Management of IBS
Irritable Bowel Syndrome (IBS) disorder affects the functions of gastrointestinal symptoms and displays chronic abdominal symptoms and can be diagnosed clinically (Ford et al., 2018). IBS has a prevalence of about 10%-20% and an incidence rate of approximately 1%-2% per year. IBS affects around 11 percent of the global population. Internationally, there is a female predominance in the prevalence of IBS. The treatment goals for IBS are to relieve the patient from symptoms such as diarrhea, discomfort, bloating, and constipation and consequently improve the quality of life. Individuals with IBS can suffer many disease processes that result in pain and diarrhea or pain and constipation, and therefore, its treatment is often done differently among individual patients with priority given to the most serious symptom that is felt by the patient instead of modifying the disease.
The first-line drug therapy for IBS include Antispasmodics such as dicyclomine, hyoscyamine although they don’t have many benefits for IBS treatment although they may relieve abdominal pains or discomforts, especially for those symptoms that happen after eating. Anti-diarrheal agents such as loperamide, diphenoxylate can effectively prevent and relieve symptoms of diarrhea but may not help in pain. Laxatives that are helpful in treating symptoms of constipation but doesn’t work in controlling pain. Anti-anxiety drugs help IBS patients fight psychological distress. Incorporating stress management through counseling and apply dietary modification such as a low FODMAP diet when applying the first-line drugs is more helpful (Moayyedi et al., 2019). The second line of drug therapy implies the use of Amitriptyline, which can help in relieving pain and adjust the bowel activity even though it affects the mood of IBS patients (Moayyedi et al., 2019). However, Amitriptyline should only be introduced when the first line of drugs fails to treat the patient.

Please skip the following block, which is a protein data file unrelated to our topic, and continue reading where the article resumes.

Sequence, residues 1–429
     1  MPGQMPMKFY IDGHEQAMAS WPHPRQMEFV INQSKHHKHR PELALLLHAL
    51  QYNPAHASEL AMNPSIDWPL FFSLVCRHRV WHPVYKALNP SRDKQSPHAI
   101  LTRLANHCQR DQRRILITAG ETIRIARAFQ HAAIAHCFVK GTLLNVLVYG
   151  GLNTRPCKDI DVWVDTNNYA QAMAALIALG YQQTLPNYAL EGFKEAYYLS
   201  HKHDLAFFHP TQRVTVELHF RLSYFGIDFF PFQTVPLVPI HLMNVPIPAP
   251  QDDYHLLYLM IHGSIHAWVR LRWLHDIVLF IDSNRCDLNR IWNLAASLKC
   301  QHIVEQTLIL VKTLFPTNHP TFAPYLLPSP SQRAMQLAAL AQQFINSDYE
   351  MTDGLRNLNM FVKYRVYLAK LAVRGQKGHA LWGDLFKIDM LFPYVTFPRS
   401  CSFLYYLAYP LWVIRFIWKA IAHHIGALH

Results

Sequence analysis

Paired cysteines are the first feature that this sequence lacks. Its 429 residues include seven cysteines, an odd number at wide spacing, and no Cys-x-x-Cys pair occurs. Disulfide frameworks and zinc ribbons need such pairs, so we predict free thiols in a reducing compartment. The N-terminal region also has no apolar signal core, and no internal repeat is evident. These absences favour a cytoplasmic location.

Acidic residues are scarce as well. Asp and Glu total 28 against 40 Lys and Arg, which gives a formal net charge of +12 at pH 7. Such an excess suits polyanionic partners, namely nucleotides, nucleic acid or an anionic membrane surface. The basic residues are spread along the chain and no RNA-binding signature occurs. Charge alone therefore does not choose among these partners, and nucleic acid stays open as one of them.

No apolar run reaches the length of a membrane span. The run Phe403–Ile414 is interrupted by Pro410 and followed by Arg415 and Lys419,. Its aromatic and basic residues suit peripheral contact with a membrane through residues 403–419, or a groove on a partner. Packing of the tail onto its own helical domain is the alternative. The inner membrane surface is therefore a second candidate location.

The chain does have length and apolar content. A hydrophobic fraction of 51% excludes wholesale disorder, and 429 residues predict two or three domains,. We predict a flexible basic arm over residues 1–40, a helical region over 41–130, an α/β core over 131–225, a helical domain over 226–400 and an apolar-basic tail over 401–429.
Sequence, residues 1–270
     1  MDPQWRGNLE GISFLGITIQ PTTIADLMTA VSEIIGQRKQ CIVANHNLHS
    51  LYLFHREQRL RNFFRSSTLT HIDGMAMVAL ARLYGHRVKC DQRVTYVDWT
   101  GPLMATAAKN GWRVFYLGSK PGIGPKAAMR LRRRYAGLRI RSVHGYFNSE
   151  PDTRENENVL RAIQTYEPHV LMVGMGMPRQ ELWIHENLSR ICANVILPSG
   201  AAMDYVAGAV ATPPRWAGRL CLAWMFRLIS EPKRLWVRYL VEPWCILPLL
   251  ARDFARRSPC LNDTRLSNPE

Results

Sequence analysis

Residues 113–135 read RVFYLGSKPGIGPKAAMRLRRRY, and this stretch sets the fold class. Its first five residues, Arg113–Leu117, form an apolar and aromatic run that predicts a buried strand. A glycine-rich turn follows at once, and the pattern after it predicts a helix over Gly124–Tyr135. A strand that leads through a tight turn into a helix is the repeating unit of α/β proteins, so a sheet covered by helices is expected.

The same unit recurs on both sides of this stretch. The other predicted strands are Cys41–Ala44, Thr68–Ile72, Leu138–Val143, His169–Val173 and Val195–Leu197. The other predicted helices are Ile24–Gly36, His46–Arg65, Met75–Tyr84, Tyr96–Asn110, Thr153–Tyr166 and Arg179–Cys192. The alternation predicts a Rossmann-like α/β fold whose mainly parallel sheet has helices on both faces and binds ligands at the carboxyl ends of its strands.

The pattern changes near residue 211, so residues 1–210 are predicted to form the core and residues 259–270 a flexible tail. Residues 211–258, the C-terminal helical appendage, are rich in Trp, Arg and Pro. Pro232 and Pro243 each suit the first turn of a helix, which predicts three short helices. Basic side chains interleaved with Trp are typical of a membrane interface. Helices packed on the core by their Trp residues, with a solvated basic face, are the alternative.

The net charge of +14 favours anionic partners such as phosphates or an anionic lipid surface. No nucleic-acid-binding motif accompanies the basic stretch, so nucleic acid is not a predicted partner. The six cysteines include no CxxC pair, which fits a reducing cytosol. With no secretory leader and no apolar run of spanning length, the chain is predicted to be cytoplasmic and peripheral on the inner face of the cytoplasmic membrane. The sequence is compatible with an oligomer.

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Ford, A. C., Moayyedi, P., Chey, W. D., Harris, L. A., Lacy, B. E., Saito, Y. A., & Quigley, E. M. (2018). American College of Gastroenterology monograph on the management of irritable bowel syndrome. American Journal of Gastroenterology, 113, 1-18.
Moayyedi, P., Andrews, C. N., MacQueen, G., Korownyk, C., Marsiglio, M., Graff, L., … & Sidani, S. (2019). Canadian Association of Gastroenterology clinical practice guidelines for the management of irritable bowel syndrome (IBS). Journal of the Canadian Association of Gastroenterology, 2(1), 6-29.